• Additional Linux Power For SAP Business One

    The migration from ERP/ECC 6.0 to S/4 Hana continues to be one of the main challenges in the SAP community. It is worthwhile to also take a look at SAP Business One on Hana in this context. It’s well known that more and more companies of all shapes and sizes are taking the first step towards S/4 Hana or are already operating it. What’s not as well known, however, is that Business One (B1), a solution for smaller and mid-sized companies, has been on a steep growth trajectory for a few years now. Experts put the estimated number of B1 installations at 100,000 worldwide.

  • Master boot vinyl record: It just gives DOS on my IBM PC a warmer, more authentic tone

    Looking for something to do in quarantine? How about booting DOS from a 10-inch vinyl record? While booting an operating system nowadays usually sees the software loaded from disk or flash memory, some of us of a certain age recall the delights of shovelling bytes in memory via the medium of tape, such as an audio cassette sending noise into the RAM of a home computer. Tinkerer Jozef Bogin has taken things a little further by booting an elderly IBM PC from a record player. Bogin used an old IBM PC and took advantage of a boot loader that would cause the hardware to fall back to the PC's cassette interface should everything else (floppies etc) fail. An analogue recording of bootable, read-only RAM drive was played through the interface, containing a version of FreeDOS tweaked by Bogin to fit into the memory constraints, a tiny COMMAND.COM and a patched version of INTERLINK to shovel data through the printer cable.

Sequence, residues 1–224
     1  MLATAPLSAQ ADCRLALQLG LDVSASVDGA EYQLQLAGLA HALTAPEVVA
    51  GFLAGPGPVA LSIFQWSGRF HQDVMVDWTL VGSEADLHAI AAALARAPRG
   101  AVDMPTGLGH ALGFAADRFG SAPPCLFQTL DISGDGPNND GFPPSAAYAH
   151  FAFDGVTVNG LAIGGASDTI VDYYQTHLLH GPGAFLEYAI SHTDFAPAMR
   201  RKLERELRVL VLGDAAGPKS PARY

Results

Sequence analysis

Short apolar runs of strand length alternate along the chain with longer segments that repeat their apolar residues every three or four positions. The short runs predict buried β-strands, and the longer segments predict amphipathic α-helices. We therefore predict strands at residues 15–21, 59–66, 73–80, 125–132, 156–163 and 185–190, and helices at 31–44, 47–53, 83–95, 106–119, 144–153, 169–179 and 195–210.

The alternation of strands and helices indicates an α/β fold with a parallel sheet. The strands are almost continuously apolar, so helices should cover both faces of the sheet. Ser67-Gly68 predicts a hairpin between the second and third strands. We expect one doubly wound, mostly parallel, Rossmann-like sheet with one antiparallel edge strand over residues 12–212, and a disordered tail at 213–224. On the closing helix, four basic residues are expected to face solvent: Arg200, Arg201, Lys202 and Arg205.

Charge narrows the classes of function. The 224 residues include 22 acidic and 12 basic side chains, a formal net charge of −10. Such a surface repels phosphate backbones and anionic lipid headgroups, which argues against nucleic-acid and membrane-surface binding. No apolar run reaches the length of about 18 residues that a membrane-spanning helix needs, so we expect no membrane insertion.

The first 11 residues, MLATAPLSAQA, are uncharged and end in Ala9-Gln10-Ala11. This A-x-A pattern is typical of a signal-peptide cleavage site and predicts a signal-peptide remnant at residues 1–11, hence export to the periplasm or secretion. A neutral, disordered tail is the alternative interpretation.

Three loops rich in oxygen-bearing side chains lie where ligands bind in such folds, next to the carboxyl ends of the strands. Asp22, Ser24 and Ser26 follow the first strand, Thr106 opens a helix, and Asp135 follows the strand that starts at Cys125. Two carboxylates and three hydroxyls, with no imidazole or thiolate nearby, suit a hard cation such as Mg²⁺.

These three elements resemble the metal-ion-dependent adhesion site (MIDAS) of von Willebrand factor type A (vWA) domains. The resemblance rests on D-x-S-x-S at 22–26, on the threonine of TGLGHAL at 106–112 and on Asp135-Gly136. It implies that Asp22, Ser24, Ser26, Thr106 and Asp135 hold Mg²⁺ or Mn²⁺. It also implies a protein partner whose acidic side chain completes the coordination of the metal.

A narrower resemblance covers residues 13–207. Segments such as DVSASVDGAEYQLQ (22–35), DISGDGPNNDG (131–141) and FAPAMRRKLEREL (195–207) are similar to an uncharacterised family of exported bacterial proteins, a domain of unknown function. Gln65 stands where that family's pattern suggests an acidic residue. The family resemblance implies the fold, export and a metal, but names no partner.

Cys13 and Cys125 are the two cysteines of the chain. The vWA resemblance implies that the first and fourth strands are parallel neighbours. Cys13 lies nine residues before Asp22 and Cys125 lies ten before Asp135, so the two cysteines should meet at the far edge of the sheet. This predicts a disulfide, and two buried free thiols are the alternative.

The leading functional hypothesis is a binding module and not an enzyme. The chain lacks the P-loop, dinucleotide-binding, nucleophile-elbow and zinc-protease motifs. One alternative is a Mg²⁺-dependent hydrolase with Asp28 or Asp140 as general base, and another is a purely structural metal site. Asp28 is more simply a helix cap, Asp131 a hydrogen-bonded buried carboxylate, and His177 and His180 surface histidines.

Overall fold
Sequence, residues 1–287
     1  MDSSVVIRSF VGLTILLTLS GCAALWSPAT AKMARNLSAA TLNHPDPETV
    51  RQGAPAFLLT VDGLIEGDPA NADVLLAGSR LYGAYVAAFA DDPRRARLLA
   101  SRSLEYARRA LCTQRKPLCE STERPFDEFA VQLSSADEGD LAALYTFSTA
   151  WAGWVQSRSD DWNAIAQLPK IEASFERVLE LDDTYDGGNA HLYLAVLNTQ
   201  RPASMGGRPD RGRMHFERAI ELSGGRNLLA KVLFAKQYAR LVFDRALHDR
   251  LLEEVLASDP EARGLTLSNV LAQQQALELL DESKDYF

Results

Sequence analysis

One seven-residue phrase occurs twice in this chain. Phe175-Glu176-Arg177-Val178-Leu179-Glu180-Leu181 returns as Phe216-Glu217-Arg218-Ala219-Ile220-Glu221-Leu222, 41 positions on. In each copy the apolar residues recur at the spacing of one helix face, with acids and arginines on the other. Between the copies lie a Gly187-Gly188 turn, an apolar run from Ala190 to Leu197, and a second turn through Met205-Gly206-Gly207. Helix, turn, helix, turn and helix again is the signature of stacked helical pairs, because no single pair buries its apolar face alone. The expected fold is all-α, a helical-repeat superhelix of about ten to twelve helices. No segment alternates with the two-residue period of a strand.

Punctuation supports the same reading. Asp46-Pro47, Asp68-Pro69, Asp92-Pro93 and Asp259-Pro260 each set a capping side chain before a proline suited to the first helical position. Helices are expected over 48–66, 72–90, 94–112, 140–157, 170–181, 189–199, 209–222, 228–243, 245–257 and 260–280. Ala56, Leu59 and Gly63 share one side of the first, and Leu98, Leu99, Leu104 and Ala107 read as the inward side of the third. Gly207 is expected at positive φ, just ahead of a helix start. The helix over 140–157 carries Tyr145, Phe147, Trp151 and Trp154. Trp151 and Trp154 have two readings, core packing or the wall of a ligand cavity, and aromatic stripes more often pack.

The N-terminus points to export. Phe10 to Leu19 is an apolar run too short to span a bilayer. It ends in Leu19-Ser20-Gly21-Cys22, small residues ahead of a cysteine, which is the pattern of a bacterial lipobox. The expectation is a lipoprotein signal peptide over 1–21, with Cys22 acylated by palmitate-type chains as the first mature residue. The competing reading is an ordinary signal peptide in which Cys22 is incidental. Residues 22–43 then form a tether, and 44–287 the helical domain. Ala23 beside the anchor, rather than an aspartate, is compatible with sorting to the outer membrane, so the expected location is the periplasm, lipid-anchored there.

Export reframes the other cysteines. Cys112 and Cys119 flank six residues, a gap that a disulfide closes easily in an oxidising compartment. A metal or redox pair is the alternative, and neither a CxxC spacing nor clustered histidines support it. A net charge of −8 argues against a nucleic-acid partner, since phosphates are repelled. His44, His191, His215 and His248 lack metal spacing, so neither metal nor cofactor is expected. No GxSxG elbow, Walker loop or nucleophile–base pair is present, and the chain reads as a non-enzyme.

• The Homer Car, But It's leinir's Laptop

    We are now into week three of me sitting in a virtual machine on my better half's laptop, while we wait for my replacement Dell XPS 13 2-in-1 (2019) to arrive, after Dell conceded that they could not fix the old one. Short version: The graphics fan went wonky and stopped spinning, so they sent an engineer out to replace the mainboard (because everything is soldered on, including the fan assembly), and then it stopped booting. So they sent out another, and that also immediately failed to post, and then decided that wasn't worth trying again, so they would send me a replacement laptop. Three weeks later, and i have a tracking number, with no updates for a couple of days, though it also isn't past the estimate they gave me for getting it (two weeks for an in stock item, from Ireland to England, nice...).

GNOME and KDE librsvg, calculator and more

  • Do not use librsvg 2.40.x

    Please do not use librsvg 2.40.x; it cannot render recent Adwaita icon themes correctly. The librsvg 2.40.x series is the last "C only" version of the library; it was deprecated in 2017. During the port to Rust, I rewrote the path parser to be spec-compliant, and fixed a few cases that the C version did not handle. One of this cases is for compact Arc data. The SVG path grammar allows one to remove whitespace between numbers if the next number starts with a sign. For example, 23-45 gets parsed as two numbers 23 -45. In addition, the arguments of the Arc commands have two flags in the middle of a bunch of numbers. The flags can be 0 or 1, and there may be no whitespace between the flags and the next number. For example, A1.98 1.98 0 0015 13.96 gets parsed as A1.98 1.98 0 0 0 15 13.96 — note the two 0 0 flags before the 15. [...] Please use at least librsvg 2.48.x; any earlier versions are not supported. Generally I keep an eye on the last two stable release sets (2.48.x and 2.50.x as of this writing), but only commit fixes to the latest stable series (2.50.x currently).

  • Pranali Deshmukh: GSoD Weekly Summary 9